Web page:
It is impossible to remain innocent. As we carom through our days, trying to hold onto one sane and sanctified version of events, we cannot help but meet others who are trying, with equal tenacity, to hold onto their own picture of history. We struggle, amid the rubble of time and memory, to find our own unique relics.
Tolstoy suggested that “All happy families are alike; each unhappy family is unhappy in its own way.” Perhaps we might argue that as discord creeps into our memories of a country, it makes each memory distinct in its own particular way. Civil war not only annihilates lives and societies, it destroys any semblance of a unified group narrative. It magnifies the social fractures in a society, deepening the distinction between genders, intensifying the cracks between different social classes, until the foundation of each experience is frost-shattered in its own unique way. And time and the distance of diaspora only serve to amplify such differences. Thus the memory of an exile follows its own uncalibrated trajectory, isolated and unchecked, each narrative creating its own ellipses in a carnival house of distorting mirrors.
As a writer struggling to chart the psychological landscape of the Sri Lankan diaspora, I cannot help but be aware of the vastly distinct tectonic plates bumping and grinding against each other in this variegated terrain. Two of the poems in which I explore this territory are enclosed below. The first (Sri Lanka Calling) examines the way in which the tranquility of peacetime notions such as “home” and “comfort’ are effectively exploded by the exigencies of war: a much-loved family house can be recalled as the setting for card-games and birthday parties while, in reality, it has long-since been converted into a center for detention and torture. The past can no longer be considered a safe and deep-rooted entity. It fractures and transmutes. It is not just the past, however, that comes into contention. In the second poem enclosed here (Patrimony), we see two conflicting views of the present. Even as the narrator embraces the liberal values of the West, a second character in the poem seeks to deny the reality of this present in favor of a vision of patriarchal and nationalist fervor. Time and again, these voices give the lie to the assumption that memory, or even history, can remain a stable and unitary construct. The past, it seems, is not just another country but a fictional country at that.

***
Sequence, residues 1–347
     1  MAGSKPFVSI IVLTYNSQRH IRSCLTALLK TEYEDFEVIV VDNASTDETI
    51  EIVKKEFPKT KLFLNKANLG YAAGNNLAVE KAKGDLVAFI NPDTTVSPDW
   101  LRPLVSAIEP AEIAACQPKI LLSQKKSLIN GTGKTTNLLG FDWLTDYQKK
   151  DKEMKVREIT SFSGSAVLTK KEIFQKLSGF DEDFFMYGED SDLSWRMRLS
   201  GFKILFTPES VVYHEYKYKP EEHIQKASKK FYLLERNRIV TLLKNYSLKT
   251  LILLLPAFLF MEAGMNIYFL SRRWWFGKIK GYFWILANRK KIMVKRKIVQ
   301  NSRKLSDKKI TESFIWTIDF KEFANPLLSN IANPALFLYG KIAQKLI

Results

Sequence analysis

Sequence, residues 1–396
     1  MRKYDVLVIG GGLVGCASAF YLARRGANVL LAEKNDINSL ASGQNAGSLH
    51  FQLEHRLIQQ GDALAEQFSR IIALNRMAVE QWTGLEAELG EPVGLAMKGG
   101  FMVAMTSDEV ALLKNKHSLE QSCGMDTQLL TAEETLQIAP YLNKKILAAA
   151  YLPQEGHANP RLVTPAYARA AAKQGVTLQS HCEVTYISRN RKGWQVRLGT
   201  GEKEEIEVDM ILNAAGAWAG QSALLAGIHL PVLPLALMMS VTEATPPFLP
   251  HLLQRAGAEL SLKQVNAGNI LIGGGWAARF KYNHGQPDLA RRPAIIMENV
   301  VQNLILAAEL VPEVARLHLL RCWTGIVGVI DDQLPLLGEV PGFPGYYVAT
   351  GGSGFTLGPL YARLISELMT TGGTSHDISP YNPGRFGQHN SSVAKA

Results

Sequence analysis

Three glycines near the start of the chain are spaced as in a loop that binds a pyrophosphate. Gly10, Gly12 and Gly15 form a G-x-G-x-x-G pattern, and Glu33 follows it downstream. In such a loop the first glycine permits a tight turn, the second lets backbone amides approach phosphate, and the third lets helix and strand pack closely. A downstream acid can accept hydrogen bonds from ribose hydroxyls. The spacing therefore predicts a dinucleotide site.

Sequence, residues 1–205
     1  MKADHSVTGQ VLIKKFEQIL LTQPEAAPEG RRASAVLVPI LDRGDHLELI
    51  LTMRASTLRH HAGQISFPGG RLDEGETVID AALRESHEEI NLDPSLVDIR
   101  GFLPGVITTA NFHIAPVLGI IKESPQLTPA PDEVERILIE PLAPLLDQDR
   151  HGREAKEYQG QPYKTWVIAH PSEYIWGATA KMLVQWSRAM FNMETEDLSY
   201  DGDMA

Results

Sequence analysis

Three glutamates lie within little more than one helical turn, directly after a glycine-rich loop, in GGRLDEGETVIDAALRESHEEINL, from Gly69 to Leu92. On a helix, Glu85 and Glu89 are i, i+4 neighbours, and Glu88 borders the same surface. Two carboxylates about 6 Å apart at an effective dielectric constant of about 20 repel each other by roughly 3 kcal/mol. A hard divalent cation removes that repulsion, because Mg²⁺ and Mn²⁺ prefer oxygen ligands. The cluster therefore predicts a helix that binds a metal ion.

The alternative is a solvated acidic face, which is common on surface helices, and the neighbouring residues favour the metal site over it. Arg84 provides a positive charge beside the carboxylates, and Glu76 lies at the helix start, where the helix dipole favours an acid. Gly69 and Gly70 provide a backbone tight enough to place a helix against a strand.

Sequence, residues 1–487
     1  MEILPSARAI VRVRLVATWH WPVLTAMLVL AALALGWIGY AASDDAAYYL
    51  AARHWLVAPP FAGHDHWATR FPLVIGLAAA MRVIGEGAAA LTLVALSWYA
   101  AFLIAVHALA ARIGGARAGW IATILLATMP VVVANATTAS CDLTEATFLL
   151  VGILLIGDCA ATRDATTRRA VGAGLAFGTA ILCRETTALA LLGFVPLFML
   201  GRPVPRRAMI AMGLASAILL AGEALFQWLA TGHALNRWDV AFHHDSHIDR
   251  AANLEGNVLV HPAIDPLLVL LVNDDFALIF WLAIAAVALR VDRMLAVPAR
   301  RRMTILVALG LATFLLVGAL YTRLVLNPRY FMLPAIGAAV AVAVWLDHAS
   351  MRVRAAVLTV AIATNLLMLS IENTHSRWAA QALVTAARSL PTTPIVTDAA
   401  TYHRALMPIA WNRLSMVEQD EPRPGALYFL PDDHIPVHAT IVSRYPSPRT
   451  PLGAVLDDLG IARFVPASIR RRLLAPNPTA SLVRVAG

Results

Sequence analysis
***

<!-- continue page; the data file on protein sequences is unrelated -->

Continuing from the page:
Sri Lanka Calling
In bright light we gather,
plates chiming the lunchtime air.
Ten past noon and the Sunday chicken
floats piecemeal in its Wedgwood bowl,
curried thighs, drumsticks, gravy,
flesh sliding off the tender bone.
I sink bare feet into the carpet’s graze,
feel the pull of teenage joint and muscle,
the growing ache beneath the toes.
We are ten, twelve, and thirteen faces,
gathered around the table’s carousel
while our guest grinds and swallows,
tells news of our house back home: how
the open sluice runs red and swiftly;
how dawn trucks spill their trails
of ankles, elbows; how the flesh
slides so gently off the tender bone.
A Buddhist monk sits in my room,
anger rising round him like a cloud of flies.
Slowly, he unwinds the litany
of my flaws: my close-cropped hair,
my ringless hands, Western habits
wrapped around me like a makeshift robe.
Deeper than words, his blood calls to mine,
his voice forming spaces through which
darker memories crawl:
jasmine trees and incense sticks,
army trucks at temple gates
and the cock crowing at dawn.
Yet his eyes hold only present time.
Dry hands buzzing, he reproves me
for leaving the country he left
and is still trying to find.